Opinion | Wonking Out: The Meaning of Falling Inflation

Inflation is falling, fast.

Gasoline prices, defying predictions of a nightmare summer for motorists, lead the parade:

Most gas stations in the United States are already charging less than $ 4 per gallonand the decline in wholesale prices suggests that retail prices have yet to fall further.

Food prices are also falling. Here is the price of wheat futures:

And business surveys suggest a broader decline in inflation. For example, the widely cited Institute of Supply Management survey of purchasing managers shows that prices paid for commodities are still rising, but at a slower pace than in many months:

All of this means that official data on consumer prices will almost certainly show much smaller increases in the coming months than the shocking numbers we have become accustomed to lately. But what will this improvement mean?

I will come to the implications for economic policy shortly. But give me a minute to savor the political implications.

Republican efforts to regain control of Congress have relied almost entirely on blaming Joe Biden for inflation and, in particular, gas prices.

Did Donald Trump, who is still the dominant figure in the GOP, attempt to overturn a legitimate election? Gas is more than $ 5 a gallon! Are Republican judges and state lawmakers taking away the rights women have had for decades? Gas is $ 5 a gallon!

Now the party’s main electoral platform – practically their only electoral platform – is being sawed up at the base. I wondered what they will do. After spending many months doing everything they can to soften the debate, Republicans will find it difficult to suddenly orient themselves on nuanced issues about stock numbers versus underlying inflation.

So far, their main response seems to be to ignore the slowdown in inflation and hope voters don’t notice. Here, for example, is Mehmet Oz, running to become a Senator from Pennsylvania on Thursday:

Did this man recently visit a gas station near his home in New Jersey?

When – I’m pretty sure it’s a “when”, not an “if” – the official data also shows a steep drop in inflation, my guess is we’ll see denial supplemented by conspiracy theories. it is faking the numbers or manipulating the commodity markets in some way.

Should Democrats emphasize the good news about inflation and mock the judgment of their opponents? Yup! Any democratic politician who responds to falling energy and food prices with a speech on transient inflation relative to the underlying inflation would have to take on another business.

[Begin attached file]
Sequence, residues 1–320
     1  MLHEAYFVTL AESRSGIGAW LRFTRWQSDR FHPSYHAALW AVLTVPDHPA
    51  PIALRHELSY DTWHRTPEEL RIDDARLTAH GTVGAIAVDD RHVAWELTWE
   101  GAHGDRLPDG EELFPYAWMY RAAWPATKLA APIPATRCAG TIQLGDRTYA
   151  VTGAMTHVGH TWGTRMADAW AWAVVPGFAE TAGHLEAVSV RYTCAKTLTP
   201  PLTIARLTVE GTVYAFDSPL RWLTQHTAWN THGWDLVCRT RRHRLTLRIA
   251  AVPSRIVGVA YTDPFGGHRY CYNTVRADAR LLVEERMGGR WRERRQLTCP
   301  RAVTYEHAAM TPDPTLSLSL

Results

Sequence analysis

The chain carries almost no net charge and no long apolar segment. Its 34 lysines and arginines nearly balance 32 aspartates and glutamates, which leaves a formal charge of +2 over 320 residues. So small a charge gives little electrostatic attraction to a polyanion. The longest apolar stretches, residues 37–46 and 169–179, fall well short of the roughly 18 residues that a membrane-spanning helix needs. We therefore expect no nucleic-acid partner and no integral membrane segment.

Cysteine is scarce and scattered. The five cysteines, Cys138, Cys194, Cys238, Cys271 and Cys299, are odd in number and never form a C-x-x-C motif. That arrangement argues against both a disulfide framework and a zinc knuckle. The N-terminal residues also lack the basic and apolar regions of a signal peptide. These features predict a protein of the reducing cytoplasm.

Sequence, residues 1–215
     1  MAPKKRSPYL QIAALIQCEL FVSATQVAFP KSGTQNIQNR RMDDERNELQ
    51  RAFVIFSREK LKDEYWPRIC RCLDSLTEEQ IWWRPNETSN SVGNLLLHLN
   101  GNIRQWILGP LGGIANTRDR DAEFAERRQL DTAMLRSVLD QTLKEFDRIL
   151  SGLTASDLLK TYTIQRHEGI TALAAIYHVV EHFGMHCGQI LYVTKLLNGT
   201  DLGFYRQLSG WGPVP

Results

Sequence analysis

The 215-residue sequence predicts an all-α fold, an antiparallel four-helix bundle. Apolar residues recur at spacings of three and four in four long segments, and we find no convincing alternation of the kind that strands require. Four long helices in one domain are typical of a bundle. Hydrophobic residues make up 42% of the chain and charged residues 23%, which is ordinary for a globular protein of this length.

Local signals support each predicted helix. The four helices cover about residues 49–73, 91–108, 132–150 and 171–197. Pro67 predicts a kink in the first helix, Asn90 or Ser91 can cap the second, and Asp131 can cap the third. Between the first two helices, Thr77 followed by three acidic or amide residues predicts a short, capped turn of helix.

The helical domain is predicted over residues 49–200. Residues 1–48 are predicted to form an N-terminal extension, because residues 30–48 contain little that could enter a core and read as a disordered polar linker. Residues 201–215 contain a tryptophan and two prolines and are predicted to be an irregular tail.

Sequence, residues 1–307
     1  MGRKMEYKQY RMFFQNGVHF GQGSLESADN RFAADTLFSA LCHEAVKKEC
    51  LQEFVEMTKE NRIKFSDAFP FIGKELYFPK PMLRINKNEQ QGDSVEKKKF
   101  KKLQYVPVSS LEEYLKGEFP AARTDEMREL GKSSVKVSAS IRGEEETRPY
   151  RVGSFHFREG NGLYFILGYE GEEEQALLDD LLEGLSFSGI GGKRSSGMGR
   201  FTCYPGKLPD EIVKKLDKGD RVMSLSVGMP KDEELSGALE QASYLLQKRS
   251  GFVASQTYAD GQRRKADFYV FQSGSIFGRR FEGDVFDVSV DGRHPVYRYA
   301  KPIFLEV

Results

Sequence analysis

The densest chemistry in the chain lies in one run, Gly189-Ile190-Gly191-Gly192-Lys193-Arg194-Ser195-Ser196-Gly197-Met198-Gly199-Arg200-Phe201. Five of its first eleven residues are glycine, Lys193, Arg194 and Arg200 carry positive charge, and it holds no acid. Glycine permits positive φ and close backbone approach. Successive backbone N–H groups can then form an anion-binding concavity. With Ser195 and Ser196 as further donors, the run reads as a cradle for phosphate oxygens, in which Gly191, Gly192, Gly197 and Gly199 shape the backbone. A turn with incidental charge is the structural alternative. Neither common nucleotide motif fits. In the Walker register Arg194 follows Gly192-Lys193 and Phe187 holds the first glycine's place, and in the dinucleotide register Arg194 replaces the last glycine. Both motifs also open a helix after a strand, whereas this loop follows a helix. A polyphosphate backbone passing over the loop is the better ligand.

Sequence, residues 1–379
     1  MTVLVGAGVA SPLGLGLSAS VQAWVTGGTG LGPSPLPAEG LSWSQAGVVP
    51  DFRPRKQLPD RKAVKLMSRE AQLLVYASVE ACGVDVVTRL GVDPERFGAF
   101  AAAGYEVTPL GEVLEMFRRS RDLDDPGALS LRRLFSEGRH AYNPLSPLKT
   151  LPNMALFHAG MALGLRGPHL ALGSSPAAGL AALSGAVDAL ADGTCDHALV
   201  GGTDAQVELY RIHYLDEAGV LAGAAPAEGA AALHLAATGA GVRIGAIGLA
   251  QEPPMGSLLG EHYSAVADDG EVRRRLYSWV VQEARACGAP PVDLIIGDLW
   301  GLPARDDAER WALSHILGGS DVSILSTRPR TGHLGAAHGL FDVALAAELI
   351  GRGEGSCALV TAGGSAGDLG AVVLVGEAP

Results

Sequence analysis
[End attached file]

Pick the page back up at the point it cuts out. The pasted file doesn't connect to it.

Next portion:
Politicians, however, who essentially mean the Federal Reserve in this case, I am in a different business, and they should respond to the good news about inflation by keeping calm and moving forward.

Many fashionable economic concepts have failed the test of time, but the concept of core inflation – which distinguishes between volatile prices, such as food and energy, and slower moving prices that have a lot of inertia – has been very successful ever since. economist Robert Gordon introduced it in the 1970s. Over and over, the Fed weathered the crises by ignoring critics who wanted it to panic over inflation spikes caused by temporary jumps in commodity prices.

Now, defining core inflation has become more difficult in the Covid era, because the exclusion of food and energy alone seems inadequate at a time when wild swings in things like used car prices and shipping costs have also determined the fluctuations in the rate of inflation. At present, however, every measure of underlying inflation that I am aware of, from traditional core to measures that exclude large price changes and changes in labor costs, indicate unacceptably high underlying inflation.

So why is inflation going down? The policy of the Biden administration – the release of oil from the Strategic Petroleum Reserve, the incitement of gas stations to broadcast drops in wholesale prices, efforts to defuse supply chains – may have contributed. But the main story is probably a global economic slowdown: America probably isn’t in a recession, but Europe probably is, China remains limping from its zero-Covid policy, and so on.

All of this has very little to do with proper US policy. The Fed’s strategy is to reduce core inflation by using interest rate hikes to cool the economy. Despite Friday’s hot report on the job market, I have no doubt that this strategy will ultimately work. But the good news we’re about to receive about near-term inflation isn’t proof that the strategy has already worked, and alas (I’m usually a monetary dove), it offers no justification for a turn to easier money.

Does this mean that inflation is about to rise again? Not necessarily. The Fed’s efforts are likely to reduce underlying inflation in the coming months, so that when the transient good news on gas prices wears off, it could be replaced by more permanent good news.

In any case, for the moment, inflation is falling, no doubt much to the dismay of politicians who were counting on gas prices to launch a red wave in November. Pass the popcorn.

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